Arnold Schwarzenegger's 'The Last Stand' is formulaic but a fun action film
'The Last Stand' has plenty of plot holes but is a great throwback to the days of Schwarzenegger's earlier films.
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Part of the success is owed to a smart mix of side characters – both supporting roles and townsfolk bit parts. Onscreen, Noriega’s Cortez – coupled with that super-powered car – serves as a competent ‘force of nature’ antagonist, even if his overall character is relatively standard. Furthermore, the assembled Sommerton Junction force of Mike Figuerola (Luis Guzmán) and Sarah Torrance (Jaimie Alexander) - along with drunkard war veteran Frank Martinez (Rodrigo Santoro) – provides a good counter-balance to Schwarzenegger’s grumpy-but-honorable sheriff. Enjoying second-billing in the film’s marketing, Knoxville’s role as Dinkum isn’t that big, but his performance provides some of the more humorous moments. On its own, the sheer elation on Dinkum’s face while feeding bullets into a mini-gun is bound to help win-over at least a few cynics.Skip to next paragraph
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Still there, would be no Last Stand without Schwarzenegger’s larger-than-life persona. Despite a few scenes of overly-sentimental dialogue, where the action star comes across as a bit stiff, Schwarzenegger carries the film. It’s not a career-changing performance, since Owens is mostly an aged riff on characters we’ve seen the actor portray in the past. Nevertheless, he’s the perfect protagonist for the situation depicted in the film. It’s clear that to help separate Owens from the list of memorable Schwarzenegger roles, the actor plays the character to his strengths – even incorporating some interesting self-referential banter about his history with Los Angeles. Instead of distancing this movie from his public persona, Schwarzenegger smartly embraces it – especially when the action ramps up.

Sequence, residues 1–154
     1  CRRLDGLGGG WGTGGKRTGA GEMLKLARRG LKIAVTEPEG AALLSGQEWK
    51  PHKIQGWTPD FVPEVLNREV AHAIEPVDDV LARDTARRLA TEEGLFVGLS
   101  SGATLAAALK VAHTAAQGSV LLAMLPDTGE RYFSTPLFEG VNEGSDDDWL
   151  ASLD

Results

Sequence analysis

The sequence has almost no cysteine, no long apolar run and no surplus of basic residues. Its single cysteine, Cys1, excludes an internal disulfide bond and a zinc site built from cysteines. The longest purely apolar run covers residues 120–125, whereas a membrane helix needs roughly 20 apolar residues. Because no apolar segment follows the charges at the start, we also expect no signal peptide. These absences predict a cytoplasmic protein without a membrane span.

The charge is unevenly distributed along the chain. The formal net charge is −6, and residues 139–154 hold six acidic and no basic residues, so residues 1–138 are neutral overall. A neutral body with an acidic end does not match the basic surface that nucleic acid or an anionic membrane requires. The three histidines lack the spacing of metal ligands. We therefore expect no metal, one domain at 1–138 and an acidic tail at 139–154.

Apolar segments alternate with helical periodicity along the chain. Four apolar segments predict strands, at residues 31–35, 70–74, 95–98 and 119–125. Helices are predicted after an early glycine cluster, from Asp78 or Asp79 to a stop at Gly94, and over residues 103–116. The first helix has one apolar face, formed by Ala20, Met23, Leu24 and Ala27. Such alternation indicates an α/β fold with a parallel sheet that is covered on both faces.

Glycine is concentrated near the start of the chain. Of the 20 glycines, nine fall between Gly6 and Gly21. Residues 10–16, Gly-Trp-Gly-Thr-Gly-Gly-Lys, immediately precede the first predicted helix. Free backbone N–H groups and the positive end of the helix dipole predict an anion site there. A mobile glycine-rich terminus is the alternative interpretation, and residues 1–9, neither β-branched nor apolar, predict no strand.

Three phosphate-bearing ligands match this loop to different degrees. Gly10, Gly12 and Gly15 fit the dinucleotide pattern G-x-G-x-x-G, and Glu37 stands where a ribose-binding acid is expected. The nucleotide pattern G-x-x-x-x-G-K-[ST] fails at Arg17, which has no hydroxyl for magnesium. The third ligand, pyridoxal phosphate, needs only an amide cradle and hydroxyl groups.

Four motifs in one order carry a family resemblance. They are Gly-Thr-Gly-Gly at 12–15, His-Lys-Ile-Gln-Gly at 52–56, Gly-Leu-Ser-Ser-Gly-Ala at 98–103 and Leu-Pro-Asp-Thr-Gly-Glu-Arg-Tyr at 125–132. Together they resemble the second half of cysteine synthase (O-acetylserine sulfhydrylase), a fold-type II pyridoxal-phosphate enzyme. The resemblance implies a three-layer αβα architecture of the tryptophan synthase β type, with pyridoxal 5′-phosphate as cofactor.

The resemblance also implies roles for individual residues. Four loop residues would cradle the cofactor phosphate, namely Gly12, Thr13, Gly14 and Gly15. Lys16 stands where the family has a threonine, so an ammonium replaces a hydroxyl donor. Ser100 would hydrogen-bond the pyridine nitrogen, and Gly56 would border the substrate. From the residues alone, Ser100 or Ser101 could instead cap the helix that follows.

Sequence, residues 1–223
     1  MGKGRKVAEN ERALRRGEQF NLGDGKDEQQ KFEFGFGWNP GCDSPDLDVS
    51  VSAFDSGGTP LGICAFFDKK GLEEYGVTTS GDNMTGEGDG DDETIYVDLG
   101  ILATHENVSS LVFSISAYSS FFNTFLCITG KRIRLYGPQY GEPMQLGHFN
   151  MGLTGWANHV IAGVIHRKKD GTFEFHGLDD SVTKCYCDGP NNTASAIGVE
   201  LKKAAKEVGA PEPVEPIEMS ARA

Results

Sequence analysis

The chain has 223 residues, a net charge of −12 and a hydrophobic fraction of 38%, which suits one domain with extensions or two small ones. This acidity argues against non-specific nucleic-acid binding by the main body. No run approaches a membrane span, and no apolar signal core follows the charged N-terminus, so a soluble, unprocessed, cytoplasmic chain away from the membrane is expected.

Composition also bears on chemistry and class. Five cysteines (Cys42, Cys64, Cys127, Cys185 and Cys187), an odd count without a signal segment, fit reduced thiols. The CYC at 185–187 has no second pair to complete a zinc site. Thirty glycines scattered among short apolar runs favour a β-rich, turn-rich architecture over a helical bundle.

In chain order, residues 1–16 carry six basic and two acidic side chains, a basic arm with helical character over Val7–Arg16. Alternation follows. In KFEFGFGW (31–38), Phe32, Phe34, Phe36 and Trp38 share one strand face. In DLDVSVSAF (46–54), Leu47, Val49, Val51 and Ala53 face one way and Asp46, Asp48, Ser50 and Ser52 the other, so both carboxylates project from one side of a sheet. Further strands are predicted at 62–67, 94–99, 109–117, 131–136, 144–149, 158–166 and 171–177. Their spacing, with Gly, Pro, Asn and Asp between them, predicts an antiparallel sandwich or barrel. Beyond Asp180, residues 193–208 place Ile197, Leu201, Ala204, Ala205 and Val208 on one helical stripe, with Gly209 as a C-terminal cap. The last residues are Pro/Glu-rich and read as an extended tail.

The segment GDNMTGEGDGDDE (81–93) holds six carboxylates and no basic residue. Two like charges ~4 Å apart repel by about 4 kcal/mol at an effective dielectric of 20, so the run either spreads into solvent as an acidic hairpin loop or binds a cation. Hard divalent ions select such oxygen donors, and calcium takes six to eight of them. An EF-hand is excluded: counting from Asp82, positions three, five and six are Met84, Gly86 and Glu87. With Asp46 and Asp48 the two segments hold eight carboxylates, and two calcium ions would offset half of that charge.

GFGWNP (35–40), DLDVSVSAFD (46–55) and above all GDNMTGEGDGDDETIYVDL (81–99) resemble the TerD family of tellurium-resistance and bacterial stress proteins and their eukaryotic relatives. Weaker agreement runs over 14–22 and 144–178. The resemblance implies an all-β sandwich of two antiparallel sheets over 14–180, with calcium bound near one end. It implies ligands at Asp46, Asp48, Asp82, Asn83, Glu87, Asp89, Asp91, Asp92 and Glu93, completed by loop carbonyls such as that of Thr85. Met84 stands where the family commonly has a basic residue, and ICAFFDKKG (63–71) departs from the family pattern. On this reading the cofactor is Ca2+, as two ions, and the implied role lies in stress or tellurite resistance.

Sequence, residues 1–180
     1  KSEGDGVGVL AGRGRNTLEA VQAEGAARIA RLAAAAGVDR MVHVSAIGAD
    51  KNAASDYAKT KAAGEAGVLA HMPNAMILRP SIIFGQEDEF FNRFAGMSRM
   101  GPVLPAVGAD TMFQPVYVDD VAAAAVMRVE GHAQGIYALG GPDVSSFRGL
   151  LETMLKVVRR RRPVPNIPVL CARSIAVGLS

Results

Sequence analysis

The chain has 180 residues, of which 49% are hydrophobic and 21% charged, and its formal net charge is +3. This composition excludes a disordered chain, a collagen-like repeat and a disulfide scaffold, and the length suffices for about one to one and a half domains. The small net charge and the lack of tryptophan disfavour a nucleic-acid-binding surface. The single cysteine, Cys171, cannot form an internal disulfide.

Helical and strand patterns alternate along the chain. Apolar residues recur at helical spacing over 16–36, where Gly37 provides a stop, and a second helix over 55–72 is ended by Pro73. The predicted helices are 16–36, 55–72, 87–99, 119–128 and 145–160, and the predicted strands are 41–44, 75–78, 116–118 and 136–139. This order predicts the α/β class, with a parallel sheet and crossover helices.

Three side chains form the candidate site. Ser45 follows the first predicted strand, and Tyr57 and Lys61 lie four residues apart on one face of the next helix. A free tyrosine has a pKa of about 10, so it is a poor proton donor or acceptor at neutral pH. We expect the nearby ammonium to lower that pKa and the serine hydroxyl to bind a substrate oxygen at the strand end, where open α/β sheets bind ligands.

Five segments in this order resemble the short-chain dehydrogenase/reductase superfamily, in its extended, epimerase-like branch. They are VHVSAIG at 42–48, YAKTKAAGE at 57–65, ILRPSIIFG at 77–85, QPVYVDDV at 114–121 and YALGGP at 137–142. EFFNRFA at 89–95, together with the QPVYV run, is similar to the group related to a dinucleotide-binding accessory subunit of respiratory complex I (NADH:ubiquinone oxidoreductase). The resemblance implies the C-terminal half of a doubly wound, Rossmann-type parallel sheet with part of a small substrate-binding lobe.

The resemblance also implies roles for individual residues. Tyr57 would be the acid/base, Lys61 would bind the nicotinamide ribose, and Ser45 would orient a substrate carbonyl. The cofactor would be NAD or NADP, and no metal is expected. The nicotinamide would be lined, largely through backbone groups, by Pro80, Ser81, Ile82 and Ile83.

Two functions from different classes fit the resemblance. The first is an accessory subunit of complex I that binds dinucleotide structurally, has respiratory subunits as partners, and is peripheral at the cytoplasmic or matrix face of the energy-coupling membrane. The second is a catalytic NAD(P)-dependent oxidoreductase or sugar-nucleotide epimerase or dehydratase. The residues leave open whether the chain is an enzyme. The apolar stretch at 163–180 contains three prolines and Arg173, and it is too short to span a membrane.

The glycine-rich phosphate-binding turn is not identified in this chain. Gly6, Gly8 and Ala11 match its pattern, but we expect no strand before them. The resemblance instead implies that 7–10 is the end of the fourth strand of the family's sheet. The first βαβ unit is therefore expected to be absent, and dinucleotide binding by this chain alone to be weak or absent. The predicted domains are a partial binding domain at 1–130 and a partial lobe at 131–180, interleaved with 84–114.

A few set pieces of vehicular manslaughter keep the plot moving for the first half of the film and some viewers will likely find the overarching plot to be stretched too thin upfront. However, the second half of the movie provides one explosive setup after another – making smart use of main street Sommertown Junction and surrounding areas. Most notably, a sequence about two-thirds of the way through ups the ante – providing a quick succession of crowd-pleasing moments that lead into a slick (albeit campy) finale.
Director Kim Ji-woon finds a solid balance between cheese and stylized action with his American debut – while making smart use of a likable and quirky roster of characters. Ultimately, The Last Stand is a fun throwback to the days of formulaic but immensely entertaining Schwarzenegger-led films. After the actor’s ten year hiatus, the gamble pays off this round, but with a healthy does of in-development action roles ahead of him, audiences may be less excited about similar performances down the line. Yet, for now at least, watching Schwarzenegger fire shotguns and body slam bad guys is as enjoyable as ever.
Ben Kendrick blogs at Screen Rant.
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